The fighting genre had been kicking around in the video game industry for more than a decade before Street Fighter II hit arcades. Older gamers will probably remember playing Karate Champ or The Way of the Exploding Fist or Urban Champion or even the original Street Fighter. They all laid the foundation for Street Fighter II: The World Warrior. That game, hitting arcades in winter of 1991, revitalized the sagging arcade industry and inspired developers and publishers around the world to give fighting games a chance.
Midway, probably best known at this point in time for its pinball machines and Rampage, wanted its own fighting game and gave the job to Ed Boon and John Tobias. 10 months and lord knows how many rolls of Hi-8 film later, we got Mortal Kombat. Where Street Fighter was refined and disciplined, Mortal Kombat was brash and immature. It lacked characters with differentiating combat styles, choosing to focus on the badass special moves people love to spam and its congressional hearing instigating finishers.
Mortal Kombat came about at the perfect time as gamers who grew up with the NES looked for more adult experiences, or at least experiences juveniles equate with being an adult. It was one of the original propagators of “fake news” as a single secret character tucked away in the original game’s code led to an avalanche of bullshit schoolyard tips and tricks that supposedly did everything from letting characters have sex to unlock blood in the SNES original. And though 99% of every rumor surrounding the game was bologna, I didn’t care. I tried to uncover each and every one.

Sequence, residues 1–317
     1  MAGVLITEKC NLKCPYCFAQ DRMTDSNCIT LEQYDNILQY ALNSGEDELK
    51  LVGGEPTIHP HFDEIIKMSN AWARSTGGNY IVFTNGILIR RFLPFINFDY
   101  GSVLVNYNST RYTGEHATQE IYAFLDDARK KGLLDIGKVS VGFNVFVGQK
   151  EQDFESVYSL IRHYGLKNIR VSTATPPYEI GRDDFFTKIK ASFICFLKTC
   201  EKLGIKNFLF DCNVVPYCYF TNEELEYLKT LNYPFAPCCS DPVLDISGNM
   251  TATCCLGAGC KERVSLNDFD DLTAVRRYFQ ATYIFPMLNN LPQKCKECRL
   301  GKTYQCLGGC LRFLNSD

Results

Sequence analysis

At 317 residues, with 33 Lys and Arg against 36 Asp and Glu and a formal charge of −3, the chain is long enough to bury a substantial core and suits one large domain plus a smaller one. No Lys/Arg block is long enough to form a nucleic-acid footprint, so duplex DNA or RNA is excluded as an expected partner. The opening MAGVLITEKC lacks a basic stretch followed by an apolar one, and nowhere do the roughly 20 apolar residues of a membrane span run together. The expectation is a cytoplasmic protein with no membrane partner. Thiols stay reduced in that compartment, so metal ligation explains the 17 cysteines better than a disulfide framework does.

The game is quintessentially 90s. It oozes the Bart Simpson/Sonic the Hedgehog don’t-give-a-shit irreverence of a decade. It was cool in an era where the most important thing was to be cool and there is no way it would be as cherished as well as it is today without those seven original characters. Scorpion, Sub-Zero, Sonia Blade, Raiden, Johnny Cage, Kano and Lui Kang were absolute badasses to a seven-year-old kid. Sequels continued to push the limits of decency at the time by adding new characters with puberty inducing sex appeal to its wanton violence while also finding the humor of it all with babalities and friendship finishers.
25 years and 10 games later – if you don’t count the spin-offs – has led to a roster that has more than 60 characters. From the original seven that caused an uproar in the United States to guest characters from some of cinema’s greatest horror films, Mortal Kombat is a treasure trove of eternally memorable fighters as well as some extremely forgettable ones. It would be a waste of everyone’s time to rank people like Kobra and Blaze, so I asked the Destructoid staff to vote for their 10 favorite characters and you can see the results below.